Nissan Developing Mind-Reading Cars That Anticipate Drivers' Next Moves and Act Accordingly

Brain-Car Interface

Engineers at Nissan and EPFL in Switzerland are designing mind-car communication technology to anticipate a driver's next move.Nissan

Barely a day goes by without a new development in smart car technology, from computerized cars to driving directions. Now researchers in Switzerland are developing cars with the ultimate gift of intelligence: The ability to read our minds.

Researchers at EFPL have been developing thought-controlled wheelchair systems, and now they're taking their motion-control tech to the road, working with Nissan to build a system that can anticipate a driver's next move.

Using environmental and biometric indicators, cars will prepare themselves for an upcoming task the driver already has in mind, maybe slowing down to ready for a turn, or changing lanes in anticipation of a highway exit.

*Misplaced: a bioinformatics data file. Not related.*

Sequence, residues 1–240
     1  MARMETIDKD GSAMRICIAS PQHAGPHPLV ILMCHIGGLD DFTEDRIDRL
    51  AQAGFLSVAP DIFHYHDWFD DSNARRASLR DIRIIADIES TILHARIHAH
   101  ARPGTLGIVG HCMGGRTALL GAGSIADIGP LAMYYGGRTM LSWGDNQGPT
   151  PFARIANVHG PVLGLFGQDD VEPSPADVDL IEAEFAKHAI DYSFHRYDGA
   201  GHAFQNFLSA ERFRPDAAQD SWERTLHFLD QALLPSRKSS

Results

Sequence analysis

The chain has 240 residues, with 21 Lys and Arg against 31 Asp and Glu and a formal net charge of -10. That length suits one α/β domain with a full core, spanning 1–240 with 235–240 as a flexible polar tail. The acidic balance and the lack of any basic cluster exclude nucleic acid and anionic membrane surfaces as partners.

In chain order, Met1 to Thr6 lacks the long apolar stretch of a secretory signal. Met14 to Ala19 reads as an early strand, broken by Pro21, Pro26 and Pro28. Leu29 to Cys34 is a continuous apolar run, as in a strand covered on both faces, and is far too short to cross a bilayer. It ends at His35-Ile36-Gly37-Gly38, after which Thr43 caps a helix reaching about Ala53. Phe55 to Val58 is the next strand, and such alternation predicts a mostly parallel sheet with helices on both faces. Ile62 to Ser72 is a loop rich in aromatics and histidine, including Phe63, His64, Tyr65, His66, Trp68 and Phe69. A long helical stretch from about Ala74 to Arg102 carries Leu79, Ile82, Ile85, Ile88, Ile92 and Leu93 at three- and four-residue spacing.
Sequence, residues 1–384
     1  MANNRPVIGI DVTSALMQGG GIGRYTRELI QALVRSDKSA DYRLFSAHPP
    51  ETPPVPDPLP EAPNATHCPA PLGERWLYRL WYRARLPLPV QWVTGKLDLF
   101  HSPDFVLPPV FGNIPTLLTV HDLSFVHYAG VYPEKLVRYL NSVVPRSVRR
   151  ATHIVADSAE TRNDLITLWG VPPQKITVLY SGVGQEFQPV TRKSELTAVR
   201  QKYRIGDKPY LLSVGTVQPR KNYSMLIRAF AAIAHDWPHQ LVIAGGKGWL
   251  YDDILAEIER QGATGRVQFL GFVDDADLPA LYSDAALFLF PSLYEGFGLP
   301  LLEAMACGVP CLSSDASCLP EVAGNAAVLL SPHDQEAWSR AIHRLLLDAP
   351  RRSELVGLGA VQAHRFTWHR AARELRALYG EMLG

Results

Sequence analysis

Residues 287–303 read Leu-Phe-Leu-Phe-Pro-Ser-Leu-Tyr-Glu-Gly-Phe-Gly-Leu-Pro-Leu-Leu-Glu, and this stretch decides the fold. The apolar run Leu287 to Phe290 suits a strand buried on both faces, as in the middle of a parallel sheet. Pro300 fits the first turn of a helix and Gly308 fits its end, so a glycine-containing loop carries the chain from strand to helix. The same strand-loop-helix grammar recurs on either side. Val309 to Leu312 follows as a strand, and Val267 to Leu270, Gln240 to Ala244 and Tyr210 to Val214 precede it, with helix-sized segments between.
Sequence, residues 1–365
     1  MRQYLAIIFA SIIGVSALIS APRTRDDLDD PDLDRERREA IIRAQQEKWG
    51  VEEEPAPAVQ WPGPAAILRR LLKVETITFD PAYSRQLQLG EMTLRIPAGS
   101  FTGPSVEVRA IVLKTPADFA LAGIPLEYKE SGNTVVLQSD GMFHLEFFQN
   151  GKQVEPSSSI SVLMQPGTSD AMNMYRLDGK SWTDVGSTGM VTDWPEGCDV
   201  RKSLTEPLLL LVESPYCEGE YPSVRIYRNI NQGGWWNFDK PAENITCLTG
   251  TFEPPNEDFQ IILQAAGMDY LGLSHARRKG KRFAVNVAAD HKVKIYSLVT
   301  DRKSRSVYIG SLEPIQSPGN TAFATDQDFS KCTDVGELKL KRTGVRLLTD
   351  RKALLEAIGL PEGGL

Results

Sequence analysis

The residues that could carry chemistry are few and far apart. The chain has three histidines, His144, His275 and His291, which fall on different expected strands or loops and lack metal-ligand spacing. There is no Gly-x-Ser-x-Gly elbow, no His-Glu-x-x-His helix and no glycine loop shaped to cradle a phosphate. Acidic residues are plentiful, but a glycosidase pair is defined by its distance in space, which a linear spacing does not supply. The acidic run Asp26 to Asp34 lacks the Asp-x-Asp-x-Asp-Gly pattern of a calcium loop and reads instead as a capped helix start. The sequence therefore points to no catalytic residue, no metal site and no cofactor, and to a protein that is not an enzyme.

"The idea is to blend driver and vehicle intelligence together in such a way that eliminates conflicts between them," said José del R. Millán, a professor at EPFL who is leading the research project.

It will use sensors embedded in the car, as well as brain activity and eye movement patterns, to anticipate what's about to happen. Many brain-machine interfaces rely on mapping brainwaves, which requires lots of initial testing to determine a user's patterns, not to mention really deep thought to make sure there are no mixed signals. For instance, this German brainwave car we saw last winter uses the Emotiv EEG headset, which correlates brain activity to a certain command. But it has a several-second delay, definitely too long for a real-life road reaction.

EPFL says their new system also uses statistical analysis to predict a driver's intentions. It would conceivably work faster, so the car would know you're thinking "turn left" before you actually start actively thinking it.

This may be a unique system for cars, but the military is already planning an anticipation system for drones. That system would use data from air traffic control and model how piloted planes take off and land. So could a similar driver-behavior system could someday be used for fleets of autonomous cars? For now, we're OK with our cars helping us pay attention to the tasks at hand.